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J Periodontal Res. 2009 Oct;44(5):588-97. doi: 10.1111/j.1600-0765.2008.01159.x. Epub 2009 Mar 7.

In vitro and in vivo cytokeratin patterns of expression in bioengineered human periodontal mucosa.

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1
Department of Histology, Tissue Engineering Group, University of Granada, Granada, Spain.

Abstract

BACKGROUND AND OBJECTIVE:

Development of human oral mucosa substitutes by tissue engineering may provide new therapeutic tools for the management of periodontal diseases. In this study we evaluated a fibrin-agarose human oral mucosa substitute both in vitro and in vivo.

MATERIAL AND METHODS:

In vitro bioengineered oral mucosa substitutes were developed from irrelevant biopsy samples of human oral gingiva. In vivo evaluation of the constructed tissues was performed by implantation into athymic nude mice. The expression of several epithelial markers was assessed by microarray analysis and immunohistochemistry.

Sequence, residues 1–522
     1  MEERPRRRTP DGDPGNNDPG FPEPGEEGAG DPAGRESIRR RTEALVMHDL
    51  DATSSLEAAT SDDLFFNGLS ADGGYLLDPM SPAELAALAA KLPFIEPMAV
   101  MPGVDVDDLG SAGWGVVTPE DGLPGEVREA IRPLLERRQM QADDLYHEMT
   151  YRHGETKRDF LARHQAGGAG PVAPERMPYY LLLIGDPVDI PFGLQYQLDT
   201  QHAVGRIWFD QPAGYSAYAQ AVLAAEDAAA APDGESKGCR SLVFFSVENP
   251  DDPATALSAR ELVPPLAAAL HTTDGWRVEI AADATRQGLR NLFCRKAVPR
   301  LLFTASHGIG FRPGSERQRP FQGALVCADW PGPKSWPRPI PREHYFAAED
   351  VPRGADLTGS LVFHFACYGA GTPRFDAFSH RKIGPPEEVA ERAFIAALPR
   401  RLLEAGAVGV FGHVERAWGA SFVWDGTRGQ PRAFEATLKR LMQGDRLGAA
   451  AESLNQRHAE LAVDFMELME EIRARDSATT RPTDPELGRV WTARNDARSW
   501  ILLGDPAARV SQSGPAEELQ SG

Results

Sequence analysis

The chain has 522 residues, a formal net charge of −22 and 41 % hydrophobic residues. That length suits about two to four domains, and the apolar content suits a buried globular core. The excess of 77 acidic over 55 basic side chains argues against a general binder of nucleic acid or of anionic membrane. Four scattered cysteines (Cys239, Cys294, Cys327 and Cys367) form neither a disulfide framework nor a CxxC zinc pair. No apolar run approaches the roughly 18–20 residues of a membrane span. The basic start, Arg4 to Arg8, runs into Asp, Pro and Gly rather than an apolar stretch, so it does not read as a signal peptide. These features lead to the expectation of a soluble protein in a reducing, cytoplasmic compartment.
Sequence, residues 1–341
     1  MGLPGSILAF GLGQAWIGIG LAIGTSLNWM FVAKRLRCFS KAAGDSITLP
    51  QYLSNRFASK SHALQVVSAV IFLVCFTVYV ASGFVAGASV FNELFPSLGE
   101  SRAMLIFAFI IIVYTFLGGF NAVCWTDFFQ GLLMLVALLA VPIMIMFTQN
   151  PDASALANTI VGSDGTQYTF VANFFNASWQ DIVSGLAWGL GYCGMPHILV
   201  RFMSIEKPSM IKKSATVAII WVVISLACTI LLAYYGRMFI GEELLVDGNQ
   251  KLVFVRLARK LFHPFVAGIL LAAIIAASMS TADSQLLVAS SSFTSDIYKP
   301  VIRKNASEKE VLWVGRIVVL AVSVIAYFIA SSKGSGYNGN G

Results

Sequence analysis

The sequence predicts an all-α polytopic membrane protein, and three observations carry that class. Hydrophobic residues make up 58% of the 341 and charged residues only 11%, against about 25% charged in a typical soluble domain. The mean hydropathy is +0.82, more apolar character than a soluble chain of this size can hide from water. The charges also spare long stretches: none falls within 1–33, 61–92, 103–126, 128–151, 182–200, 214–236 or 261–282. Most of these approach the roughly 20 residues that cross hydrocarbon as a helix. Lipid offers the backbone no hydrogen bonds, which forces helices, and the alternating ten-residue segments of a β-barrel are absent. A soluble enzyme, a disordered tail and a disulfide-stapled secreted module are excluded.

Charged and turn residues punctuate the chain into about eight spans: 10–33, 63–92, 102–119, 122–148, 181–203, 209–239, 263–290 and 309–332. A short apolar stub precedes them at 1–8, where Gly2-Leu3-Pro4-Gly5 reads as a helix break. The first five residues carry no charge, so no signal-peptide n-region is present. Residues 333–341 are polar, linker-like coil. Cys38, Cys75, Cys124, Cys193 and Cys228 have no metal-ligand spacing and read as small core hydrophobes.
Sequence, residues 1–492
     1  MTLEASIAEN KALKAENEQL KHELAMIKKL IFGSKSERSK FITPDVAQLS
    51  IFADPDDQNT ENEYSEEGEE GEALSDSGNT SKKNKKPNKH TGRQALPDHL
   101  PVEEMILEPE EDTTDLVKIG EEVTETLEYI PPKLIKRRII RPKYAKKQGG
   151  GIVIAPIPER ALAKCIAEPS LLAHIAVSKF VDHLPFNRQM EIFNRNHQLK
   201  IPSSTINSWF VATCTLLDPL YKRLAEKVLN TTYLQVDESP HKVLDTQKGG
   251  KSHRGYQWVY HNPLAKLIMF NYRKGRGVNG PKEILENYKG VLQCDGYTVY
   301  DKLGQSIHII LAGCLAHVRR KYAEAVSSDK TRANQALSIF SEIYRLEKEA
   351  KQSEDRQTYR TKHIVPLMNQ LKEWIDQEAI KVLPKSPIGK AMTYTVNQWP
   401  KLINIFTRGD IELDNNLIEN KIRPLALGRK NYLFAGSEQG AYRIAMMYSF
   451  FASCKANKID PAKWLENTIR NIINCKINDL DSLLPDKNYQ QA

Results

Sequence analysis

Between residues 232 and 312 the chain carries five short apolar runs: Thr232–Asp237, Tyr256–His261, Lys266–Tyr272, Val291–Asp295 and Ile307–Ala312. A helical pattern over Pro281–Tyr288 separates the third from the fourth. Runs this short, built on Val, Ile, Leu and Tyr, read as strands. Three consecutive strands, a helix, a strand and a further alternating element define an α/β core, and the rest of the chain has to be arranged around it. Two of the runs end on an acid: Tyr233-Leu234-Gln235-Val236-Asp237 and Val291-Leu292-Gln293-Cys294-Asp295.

RESULTS:

Bioengineered oral mucosa samples kept in vitro developed a multilayered epithelium that expressed several cytokeratins, including some markers of simple epithelia (cytokeratins 7, 8 and 18), along with markers of stratified epithelia (cytokeratins 5 and 13) and of cell proliferation (proliferating cell nuclear antigen). Bioengineered tissues grafted in vivo onto nude mice exhibited very good biointegration with the host, showing a cytokeratin expression pattern that was very similar to that of normal native oral mucosa controls. Histological analysis of the artificial tissues demonstrated that oral mucosa substitutes evaluated in vivo were structurally mature, showing some typical structures of human native oral mucosa such as rete ridges and chorial papillae, along with numerous blood vessels at the fibrin-agarose stromal substitute. These structures were absent in samples evaluated in vitro.

CONCLUSION:

The results indicate that this model of human oral mucosa, constructed using fibrin-agarose scaffolds, shows similarities to native oral mucosa controls and imply that bioengineered oral mucosa substitutes could eventually be used clinically.

[Indexed for MEDLINE]

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